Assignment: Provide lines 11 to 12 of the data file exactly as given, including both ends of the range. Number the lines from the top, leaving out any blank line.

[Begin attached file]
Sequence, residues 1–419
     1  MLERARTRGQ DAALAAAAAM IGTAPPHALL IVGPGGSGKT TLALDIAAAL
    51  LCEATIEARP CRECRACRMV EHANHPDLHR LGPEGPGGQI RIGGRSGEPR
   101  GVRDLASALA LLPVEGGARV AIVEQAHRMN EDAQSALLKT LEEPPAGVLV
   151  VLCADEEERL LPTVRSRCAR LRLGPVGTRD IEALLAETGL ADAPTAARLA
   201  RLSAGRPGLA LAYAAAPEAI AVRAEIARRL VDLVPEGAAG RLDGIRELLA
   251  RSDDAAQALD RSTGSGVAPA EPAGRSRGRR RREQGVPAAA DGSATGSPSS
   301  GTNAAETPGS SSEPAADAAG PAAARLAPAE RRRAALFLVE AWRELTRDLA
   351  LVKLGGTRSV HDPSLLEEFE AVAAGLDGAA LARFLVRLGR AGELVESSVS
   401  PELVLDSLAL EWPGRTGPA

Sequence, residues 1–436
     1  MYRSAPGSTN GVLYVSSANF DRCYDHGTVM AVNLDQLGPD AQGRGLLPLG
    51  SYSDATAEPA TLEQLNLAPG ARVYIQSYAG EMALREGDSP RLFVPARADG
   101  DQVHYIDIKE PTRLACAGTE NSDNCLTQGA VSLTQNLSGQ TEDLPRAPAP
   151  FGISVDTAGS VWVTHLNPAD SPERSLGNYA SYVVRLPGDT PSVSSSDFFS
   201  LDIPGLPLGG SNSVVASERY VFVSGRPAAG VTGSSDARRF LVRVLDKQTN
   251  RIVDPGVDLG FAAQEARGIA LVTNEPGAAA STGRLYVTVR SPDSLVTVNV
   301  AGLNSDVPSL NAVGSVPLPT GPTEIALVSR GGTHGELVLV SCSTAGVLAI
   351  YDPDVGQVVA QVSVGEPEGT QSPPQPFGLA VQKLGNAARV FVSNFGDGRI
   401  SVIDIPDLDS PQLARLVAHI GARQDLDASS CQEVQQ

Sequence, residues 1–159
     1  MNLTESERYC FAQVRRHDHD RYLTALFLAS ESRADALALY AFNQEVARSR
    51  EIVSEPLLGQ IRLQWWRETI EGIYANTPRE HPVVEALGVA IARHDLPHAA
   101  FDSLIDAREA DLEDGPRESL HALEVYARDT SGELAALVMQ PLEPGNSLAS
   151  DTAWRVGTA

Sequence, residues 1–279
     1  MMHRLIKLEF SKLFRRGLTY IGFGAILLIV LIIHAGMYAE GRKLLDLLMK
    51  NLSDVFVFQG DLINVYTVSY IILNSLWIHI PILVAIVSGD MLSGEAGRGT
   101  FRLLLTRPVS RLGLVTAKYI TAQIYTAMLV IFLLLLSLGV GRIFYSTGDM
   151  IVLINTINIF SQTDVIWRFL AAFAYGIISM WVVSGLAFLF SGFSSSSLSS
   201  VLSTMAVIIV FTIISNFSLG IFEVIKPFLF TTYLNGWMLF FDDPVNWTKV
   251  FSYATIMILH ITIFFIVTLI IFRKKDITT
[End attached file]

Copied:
Sequence, residues 1–436
     1  MYRSAPGSTN GVLYVSSANF DRCYDHGTVM AVNLDQLGPD AQGRGLLPLG